When it comes to mobile app design and development, the best way to learn is often by observing what works in successful apps.
This doesn’t mean copying every interface or design element from a popular app — on the contrary — it means looking at what features in a successful app make it both beautiful andfunctional and applying those lessons to your own projects.
Perusing through our favorite apps for iOS and Android — and a few excellent mobile UI pattern blogs — we’ve come up with some lessons that developers and designers can learn from some of the best mobile apps.
A consistent user experience — across all platforms — is something that most design and usability experts encourage. Still, it isn’t always necessary.
One of the most important — and often ignored — elements in interface design, regardless of the platform, is context. Where and how you are using an app or service can (and should) influence its presentation.
The native mobile and tablet experience is wholly unique from the desktop experience. There are commonalities — sure — but the mobile and tablet experience is designed to be easy to touch, navigate and share.
The focus on images, icons to represent actions and clean, crisp typography makes for a great user experience. If anything, we wish the desktop version of Google+ looked more like the mobile apps.
One of the more difficult aspects of mobile app design is showcasing complicated data sets in a concise and digestible way.
StockTouch for iOS is the best example of how to do that the right way.
StockTouch offers a birds-eye view of lots of data points for stocks in various sectors. By tapping on each group, more data is revealed. Tapping on a specific stock brings up detailed — but digestible — charts and information.
More than just textual display, StockTouch also uses colors to clearly show stock movements. That makes it easy to see how a certain sector — or stock — is doing, at a glance.
One of the most common modern mobile and tablet UI conventions is the slide-out navigation panel. Rather than having floating menus or relying solely on upper or lower tabs, users can slide to the left or right of the screen to bring up an extended vertical menu of options or notifications.
The method was first introduced by Facebook in its iPad app, but since then, dozens (if not hundreds) of apps for iOS and Android have started to employ the feature. Ken Yarmosh details some common use cases of this design pattern on his blog.
What we love about Path’s approach is that the slide-outs work on both the left and right side of the app. Sliding in from the left brings up typical menus and user-level notifications. Sliding out from the right brings up friends details and search.
Path — like most apps that employ the slide-out feature — also aligns the slide animation to top buttons — which is great for users that don’t know how to use the feature, or for accessibility purposes.
Spotify for iPad is particularly impressive because it manages to provide a better user experience than even the desktop app.
The app not only supports the iPad’s retina display — it features big cover art, an easy to navigate experience (slide panels at work!) and easy access to search and sharing features.
News.me’s iPhone app [iTunes link] is a great example of how an app that parses feeds (e.g., Twitter, Facebook, RSS) can still make text look beautiful.
Tapping on an article from the News.me feed brings up a beautifully formatted presentation.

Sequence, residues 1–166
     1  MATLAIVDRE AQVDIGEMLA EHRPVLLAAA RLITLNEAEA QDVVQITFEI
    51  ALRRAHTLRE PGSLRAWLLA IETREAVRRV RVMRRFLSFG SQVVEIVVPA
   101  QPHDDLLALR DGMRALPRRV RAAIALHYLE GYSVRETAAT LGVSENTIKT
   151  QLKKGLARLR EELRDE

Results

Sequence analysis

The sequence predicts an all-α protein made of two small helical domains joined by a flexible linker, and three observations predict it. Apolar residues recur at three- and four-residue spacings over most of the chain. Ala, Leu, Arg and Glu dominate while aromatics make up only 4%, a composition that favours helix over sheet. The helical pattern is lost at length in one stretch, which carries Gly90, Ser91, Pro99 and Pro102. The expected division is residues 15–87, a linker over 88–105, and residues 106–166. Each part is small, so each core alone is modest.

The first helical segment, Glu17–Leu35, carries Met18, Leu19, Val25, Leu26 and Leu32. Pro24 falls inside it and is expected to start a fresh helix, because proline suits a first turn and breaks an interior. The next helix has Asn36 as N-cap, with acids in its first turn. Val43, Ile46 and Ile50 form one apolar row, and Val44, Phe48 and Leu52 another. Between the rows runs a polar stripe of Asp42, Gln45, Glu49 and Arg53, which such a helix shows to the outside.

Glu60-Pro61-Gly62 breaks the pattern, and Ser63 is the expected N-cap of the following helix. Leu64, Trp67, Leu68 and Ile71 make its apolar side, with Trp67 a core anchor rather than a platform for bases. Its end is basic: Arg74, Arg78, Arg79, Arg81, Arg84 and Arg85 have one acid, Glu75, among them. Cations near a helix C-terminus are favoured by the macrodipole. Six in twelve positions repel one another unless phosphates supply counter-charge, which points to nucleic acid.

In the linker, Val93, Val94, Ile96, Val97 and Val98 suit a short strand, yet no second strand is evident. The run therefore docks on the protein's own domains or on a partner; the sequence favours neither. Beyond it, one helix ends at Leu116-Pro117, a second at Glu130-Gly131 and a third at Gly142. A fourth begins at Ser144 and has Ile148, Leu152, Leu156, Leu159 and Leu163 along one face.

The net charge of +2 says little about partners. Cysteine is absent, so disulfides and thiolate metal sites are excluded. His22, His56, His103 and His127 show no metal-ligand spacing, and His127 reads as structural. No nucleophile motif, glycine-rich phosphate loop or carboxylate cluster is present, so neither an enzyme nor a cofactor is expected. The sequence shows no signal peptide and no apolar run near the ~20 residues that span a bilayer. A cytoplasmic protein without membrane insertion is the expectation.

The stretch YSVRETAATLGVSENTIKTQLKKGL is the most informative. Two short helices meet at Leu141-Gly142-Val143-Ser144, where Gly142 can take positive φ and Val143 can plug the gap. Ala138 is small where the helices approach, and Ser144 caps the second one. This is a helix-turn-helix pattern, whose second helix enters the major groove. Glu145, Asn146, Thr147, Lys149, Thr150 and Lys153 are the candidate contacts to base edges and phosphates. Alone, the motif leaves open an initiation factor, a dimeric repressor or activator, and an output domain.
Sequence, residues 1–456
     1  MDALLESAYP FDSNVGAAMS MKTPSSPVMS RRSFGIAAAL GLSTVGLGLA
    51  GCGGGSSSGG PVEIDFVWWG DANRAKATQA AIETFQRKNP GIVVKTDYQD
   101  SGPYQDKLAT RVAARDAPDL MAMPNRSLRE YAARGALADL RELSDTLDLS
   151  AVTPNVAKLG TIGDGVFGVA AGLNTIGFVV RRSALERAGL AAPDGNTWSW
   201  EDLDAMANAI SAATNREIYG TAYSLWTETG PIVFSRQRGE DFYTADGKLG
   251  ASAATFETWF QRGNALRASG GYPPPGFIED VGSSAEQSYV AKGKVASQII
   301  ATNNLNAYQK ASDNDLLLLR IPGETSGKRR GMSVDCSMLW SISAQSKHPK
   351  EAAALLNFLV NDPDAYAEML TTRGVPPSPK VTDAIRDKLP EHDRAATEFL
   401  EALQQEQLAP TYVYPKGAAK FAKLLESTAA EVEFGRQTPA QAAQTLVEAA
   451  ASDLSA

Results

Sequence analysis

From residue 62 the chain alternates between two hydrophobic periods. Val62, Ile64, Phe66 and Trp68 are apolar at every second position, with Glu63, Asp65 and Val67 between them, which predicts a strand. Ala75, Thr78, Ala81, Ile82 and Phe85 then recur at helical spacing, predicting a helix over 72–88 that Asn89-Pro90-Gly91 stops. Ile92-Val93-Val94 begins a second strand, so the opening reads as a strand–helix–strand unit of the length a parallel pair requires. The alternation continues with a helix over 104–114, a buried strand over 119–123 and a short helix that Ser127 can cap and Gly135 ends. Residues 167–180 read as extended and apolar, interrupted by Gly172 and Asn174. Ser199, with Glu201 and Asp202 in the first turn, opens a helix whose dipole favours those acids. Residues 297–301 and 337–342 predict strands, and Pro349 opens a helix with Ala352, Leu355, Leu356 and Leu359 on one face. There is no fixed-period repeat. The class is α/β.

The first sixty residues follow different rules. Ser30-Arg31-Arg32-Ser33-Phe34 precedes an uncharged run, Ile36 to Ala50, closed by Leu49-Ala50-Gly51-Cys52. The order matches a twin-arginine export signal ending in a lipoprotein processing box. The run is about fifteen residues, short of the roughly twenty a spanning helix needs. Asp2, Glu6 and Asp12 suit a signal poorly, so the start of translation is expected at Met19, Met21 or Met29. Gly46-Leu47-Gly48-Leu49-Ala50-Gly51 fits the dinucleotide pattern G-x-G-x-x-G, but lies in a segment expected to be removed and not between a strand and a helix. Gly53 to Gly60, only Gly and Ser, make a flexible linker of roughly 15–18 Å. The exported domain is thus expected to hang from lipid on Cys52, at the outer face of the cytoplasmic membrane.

This feature isn’t unique to News.me — Instapaper, Pocket, Readability and Flipboard all employ similar motifs — but we really love the way News.me uses typography and appreciate its flow within the great news sharing and discovery experience.
Dealing with text feeds can be difficult — but News.me shows that it can be done with style.
Sparrow for iPhone offers what is arguably the definitive Gmail experience on iOS.
What makes that app really special is its attention to detail. From the slide-out navigation panels to persistent reply and compose buttons, to the ease of adding attachments, the app gets every detail just right.
That’s probably one of the reasons Google saw fit to acquire Sparrow and its team. With any luck, the best elements of Sparrow will make its way into the official Gmail mobile clients.
Just Landed is an app that helps users track inbound flights and plan routes to aid in airport pickup.
The app is beautifully designed — with a simple interface and a unique method of showing when someone needs to leave for the airport. For us, it’s also an example of the importance of clean, clear typography.
With apps like Just Landed — where the majority of the interface elements are text and not graphical buttons — having clear, crisp and readable typography is essential.
It’s easy to fall into the trap of using specialty or decorative fonts in apps but when text is what the user is focusing on, it’s even more important to make that text readable.
A commonly held adage is that iOS apps are better looking — and often, better designed — than Android apps. Perhaps this is because of Apple’s Human Interface Guidelines (HIG), maybe it’s because most mobile apps are still designed for the iPhone first and then ported to Android; whatever the reason, it’s rare to find an Android app that looks better than its iOS counterpart.
With Ice Cream Sandwich — and even more with JellyBean — Google has greatly refined and improved Android’s stock interface. Developers are also stepping up their game and showing that iOS doesn’t have a lock on interface design.
From the sliding navigation panels to the cleaner notes view, Evernote for Android is clean, crisp and easier to use.
While we still tend to find that the best looking mobile apps are often on iOS, Evernote shows that this doesn’t always have to be the case. iOS, Android and Windows Phone devs should take notes.